May 31, 2024 at 12:25 pm

Here’s Why Blue-Eyed People Are All Related And Why Blue Eyes Don’t Actually Exist At All

by Trisha Leigh

Source: Shutterstock

Sure, blue eyes are pretty.

But if you have them yourself, should you avoid dating or marrying someone else with the same pretty hue?

Well, you are all related…but also, blue eyes don’t really exist.

1 in 4 Americans have blue eyes, and 3 out of every 7 U.K. residents doo, too. It’s even more common in the Netherlands (3 of 5) and Iceland (3 of 4), but in nature, the color blue is actually not that common.

Source: Shutterstock

In fact, no mammal has naturally blue fur or hair – so do blue eyes even exist?

Technically, they don’t, says optometrist Gary Heiting.

“Blue eye color is determined by melanin, and melanin is actually brown by nature. Brown melanin is the only pigment that exists in the eye; there is no pigment for hazel or green – or blue. eyes only appear to be these colors because of the way light strikes the layers of the iris and reflects back toward the viewer.”

Like all of the other beautiful “blue” hues we take for granted, it’s mostly down to physics, explains author George Britton.

“In the animal kingdom there are many examples in which the observed color is the result of optical phenomena such as light scattering, interference or diffraction by microscopic structures present in the tissues. The most familiar example of this effect is the blue of the sky.”

While sunlight is in space the light is white (comprised of all the colors), but once it hits our atmosphere, things like dust and gas and other particles scatter the colors.

Source: Shutterstock

Blue is a smaller wavelength of light on the spectrum, which means it’s more likely to get caught bouncing around.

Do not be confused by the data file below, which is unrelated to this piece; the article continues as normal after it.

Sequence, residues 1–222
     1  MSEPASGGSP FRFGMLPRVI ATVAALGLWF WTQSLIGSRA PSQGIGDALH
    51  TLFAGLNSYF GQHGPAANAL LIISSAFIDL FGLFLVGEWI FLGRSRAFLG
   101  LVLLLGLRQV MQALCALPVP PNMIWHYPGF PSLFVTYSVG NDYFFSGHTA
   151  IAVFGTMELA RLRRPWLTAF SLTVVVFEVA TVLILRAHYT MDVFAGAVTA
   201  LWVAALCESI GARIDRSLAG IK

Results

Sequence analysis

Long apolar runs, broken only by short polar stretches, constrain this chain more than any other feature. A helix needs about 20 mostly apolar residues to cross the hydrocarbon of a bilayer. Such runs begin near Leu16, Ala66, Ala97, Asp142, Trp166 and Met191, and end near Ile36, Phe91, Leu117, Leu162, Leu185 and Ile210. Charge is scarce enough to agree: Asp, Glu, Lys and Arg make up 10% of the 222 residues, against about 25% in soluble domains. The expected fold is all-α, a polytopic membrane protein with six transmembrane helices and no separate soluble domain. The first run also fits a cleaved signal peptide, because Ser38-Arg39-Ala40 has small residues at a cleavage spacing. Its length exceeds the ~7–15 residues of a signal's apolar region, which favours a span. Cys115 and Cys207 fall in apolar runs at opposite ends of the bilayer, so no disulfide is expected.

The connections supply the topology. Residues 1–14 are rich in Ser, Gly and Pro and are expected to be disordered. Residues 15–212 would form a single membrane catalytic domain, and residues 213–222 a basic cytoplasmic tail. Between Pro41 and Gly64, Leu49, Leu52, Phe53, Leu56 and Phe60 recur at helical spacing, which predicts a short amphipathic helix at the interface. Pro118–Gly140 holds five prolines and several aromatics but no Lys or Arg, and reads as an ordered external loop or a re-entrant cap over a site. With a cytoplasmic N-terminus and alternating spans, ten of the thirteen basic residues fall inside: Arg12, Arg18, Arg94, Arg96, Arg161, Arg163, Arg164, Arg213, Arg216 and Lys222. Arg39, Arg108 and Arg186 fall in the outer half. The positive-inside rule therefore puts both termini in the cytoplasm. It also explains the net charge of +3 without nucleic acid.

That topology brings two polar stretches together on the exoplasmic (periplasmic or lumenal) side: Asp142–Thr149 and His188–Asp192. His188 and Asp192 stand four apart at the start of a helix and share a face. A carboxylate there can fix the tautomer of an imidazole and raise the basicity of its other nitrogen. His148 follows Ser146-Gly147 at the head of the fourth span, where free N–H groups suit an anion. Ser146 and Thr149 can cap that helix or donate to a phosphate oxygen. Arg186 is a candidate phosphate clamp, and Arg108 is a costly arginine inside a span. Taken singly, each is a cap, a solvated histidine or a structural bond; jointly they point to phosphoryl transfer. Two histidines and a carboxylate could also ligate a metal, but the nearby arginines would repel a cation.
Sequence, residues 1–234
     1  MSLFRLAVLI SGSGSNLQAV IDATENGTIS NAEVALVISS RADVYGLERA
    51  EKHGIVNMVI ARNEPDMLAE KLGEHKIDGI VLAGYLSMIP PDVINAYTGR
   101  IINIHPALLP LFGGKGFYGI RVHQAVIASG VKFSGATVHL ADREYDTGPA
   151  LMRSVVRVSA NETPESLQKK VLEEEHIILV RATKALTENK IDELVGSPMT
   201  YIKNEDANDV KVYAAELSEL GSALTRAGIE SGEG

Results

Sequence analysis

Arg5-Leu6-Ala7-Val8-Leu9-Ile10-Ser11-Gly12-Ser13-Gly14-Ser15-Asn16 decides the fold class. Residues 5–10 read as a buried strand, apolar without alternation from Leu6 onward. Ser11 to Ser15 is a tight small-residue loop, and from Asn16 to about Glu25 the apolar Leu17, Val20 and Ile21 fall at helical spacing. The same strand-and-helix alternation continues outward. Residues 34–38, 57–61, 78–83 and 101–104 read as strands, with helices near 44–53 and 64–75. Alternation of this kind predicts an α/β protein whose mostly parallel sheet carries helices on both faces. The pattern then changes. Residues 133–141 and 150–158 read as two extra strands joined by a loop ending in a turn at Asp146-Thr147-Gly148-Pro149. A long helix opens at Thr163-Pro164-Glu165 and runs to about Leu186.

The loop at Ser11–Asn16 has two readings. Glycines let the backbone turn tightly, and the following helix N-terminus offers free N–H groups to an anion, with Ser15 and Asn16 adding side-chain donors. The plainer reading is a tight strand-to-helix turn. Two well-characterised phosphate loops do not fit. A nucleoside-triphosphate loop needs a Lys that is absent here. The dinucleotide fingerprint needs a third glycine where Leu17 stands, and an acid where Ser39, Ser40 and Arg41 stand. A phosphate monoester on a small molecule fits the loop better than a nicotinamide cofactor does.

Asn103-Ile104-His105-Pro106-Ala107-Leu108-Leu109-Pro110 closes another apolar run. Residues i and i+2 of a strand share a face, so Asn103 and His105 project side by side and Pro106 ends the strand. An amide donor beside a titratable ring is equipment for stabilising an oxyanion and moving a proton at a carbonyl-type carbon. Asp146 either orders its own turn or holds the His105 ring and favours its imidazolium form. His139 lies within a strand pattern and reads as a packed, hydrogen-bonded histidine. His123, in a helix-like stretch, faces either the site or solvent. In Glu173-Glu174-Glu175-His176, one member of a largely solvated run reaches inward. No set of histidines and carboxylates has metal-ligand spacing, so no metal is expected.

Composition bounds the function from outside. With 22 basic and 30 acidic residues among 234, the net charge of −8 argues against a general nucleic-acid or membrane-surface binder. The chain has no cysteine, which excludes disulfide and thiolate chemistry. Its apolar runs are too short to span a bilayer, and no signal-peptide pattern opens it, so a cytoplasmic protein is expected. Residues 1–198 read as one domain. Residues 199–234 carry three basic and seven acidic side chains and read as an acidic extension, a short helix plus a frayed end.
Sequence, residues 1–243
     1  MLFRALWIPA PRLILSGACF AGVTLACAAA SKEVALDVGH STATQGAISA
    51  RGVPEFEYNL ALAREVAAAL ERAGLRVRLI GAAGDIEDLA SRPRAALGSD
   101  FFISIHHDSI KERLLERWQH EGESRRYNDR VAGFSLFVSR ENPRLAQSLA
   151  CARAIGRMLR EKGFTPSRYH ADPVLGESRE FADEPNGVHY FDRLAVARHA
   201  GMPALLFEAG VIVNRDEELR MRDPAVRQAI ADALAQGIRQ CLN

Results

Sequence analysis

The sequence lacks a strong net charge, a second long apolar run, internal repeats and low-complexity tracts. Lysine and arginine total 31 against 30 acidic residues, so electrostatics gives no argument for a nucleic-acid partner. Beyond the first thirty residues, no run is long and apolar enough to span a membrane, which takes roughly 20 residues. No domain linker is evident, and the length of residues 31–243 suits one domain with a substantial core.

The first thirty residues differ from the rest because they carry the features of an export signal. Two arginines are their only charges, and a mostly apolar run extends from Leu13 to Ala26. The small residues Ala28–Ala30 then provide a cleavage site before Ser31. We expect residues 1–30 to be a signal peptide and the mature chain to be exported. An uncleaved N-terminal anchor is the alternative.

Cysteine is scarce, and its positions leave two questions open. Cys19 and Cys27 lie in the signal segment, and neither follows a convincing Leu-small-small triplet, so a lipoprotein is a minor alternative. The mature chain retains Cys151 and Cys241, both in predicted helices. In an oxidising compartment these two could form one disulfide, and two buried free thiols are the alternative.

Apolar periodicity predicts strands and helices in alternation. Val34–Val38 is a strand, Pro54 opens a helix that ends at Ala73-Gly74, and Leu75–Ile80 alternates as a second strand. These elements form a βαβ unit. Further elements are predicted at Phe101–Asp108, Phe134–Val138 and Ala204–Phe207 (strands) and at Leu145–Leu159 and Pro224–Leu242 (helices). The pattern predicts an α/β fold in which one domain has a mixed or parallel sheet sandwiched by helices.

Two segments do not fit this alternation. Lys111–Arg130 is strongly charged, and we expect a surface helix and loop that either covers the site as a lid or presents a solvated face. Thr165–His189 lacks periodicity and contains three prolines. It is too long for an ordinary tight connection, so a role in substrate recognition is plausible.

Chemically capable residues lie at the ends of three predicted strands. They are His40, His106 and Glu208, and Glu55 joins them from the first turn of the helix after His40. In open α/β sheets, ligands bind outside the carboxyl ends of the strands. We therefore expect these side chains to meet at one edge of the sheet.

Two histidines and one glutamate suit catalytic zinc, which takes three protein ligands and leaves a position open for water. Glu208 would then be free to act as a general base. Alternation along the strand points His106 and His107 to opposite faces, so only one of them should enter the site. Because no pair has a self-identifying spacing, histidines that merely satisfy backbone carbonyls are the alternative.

“Very small particles, smaller in diameter than the wavelength of red of yellow light, will reflect or scatter more of the short wave than of the long-wave components of white light. Colors produced in this way are known as structural colors.”

That said, there are two different effects that create the blue of the sky and the blue of your eyes (Rayleigh and Tyndall scattering), but the effect is the same.

“Most non-iridescent blue colors in animals are Tyndall blues. The blue color of human eyes is due to the scattering of white light by minute protein particles in the iris.”

Source: Shutterstock

Green and hazel eyes have slightly more melanin in the iris, so the light is absorbed slightly differently – and is why our eye color can shift or change based on the lighting.

“It’s an interaction between the amount of melanin and the architecture of the iris itself. It’s a very complex architecture.”

So your baby blues are just a trick of the light.

It doesn’t make them any less pretty, though.

If you found that story interesting, learn more about why people often wake up around 3 AM and keep doing it for life.